Next Generation Sequencing Chips: Market & Technology Trends
Conference Recording Oct 24, 2013
About the SpeakerDr. Benjamin Roussel is a Market Analyst at Yole Développement, involved in the Microfluidics and Medical Technologies fields. He holds a Pharmacy degree from the University Claude Bernard Lyon and a Master’s in Technology and Innovation Management from EM Lyon Business School.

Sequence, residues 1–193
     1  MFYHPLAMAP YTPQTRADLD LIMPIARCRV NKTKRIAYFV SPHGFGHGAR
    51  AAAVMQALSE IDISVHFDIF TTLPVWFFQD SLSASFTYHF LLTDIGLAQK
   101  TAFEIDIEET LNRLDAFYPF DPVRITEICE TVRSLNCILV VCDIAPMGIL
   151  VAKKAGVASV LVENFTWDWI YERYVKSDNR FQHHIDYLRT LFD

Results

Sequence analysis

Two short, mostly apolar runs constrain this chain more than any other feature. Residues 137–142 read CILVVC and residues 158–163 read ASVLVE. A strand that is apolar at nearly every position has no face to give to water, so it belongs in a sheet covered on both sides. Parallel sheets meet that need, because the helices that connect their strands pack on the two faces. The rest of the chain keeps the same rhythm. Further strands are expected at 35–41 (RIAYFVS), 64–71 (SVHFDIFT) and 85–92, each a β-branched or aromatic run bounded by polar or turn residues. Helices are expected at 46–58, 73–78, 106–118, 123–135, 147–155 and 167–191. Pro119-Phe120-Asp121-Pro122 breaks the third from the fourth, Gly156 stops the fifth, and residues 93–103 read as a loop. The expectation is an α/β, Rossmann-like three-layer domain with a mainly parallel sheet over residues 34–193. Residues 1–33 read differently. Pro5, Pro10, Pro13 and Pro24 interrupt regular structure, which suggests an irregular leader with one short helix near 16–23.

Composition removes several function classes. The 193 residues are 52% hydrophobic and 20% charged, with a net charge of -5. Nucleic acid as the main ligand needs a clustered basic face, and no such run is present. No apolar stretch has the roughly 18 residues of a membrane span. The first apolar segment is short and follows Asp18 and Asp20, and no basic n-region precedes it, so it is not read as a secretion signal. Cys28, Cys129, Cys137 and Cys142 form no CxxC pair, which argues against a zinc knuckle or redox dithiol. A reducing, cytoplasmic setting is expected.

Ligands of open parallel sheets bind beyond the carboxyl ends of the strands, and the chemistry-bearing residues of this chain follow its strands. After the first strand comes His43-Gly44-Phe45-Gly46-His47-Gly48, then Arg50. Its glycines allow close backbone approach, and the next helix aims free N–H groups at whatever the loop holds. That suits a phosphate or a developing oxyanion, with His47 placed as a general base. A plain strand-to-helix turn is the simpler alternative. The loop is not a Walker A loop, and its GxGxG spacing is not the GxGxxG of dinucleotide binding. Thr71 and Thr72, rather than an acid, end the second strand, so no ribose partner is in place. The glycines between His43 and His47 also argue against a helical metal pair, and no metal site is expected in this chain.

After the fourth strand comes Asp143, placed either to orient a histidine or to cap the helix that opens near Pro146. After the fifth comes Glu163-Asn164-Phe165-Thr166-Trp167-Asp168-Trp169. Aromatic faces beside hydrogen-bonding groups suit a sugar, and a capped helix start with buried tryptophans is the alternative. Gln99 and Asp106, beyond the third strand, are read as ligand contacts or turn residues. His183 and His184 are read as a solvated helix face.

AbstractIn April 2003, the Human Genome Project was declared complete. This first human genome sequencing took 13 years, mobilized 20000 researchers and cost $3 billion. Since the early 2000s, sequencing technologies have come a long way from Sanger sequencing (also called 1st generation sequencing) used for the Human Genome Project to the Next Generation Sequencing technologies available today. Next Generation Sequencing (NGS) technologies have demonstrated the capacity to sequence DNA at unprecedented speed, enabling previously unimaginable novel healthcare applications. Indeed, by sequencing a large number of DNA molecules in parallel after PCR amplification, technology developers have been able to sharply increase machine throughput by a factor of 10. The launch of a new detection method based on electrochemical detections was also a huge step forward for the sequencing world. At the same time, price has taken a steep decline. Starting its transition from research to clinical market, the number of NGS Platforms used worldwide will surge in the next several years and the run time will continue to decrease. This will make the NGS Consumables market explode. Yole Développement foresees the NGS Consumables market growing to $3.1B in 2018, the result of several millions of cartridges being sold each year. This presentation will describe both market and technology trends of the NGS market.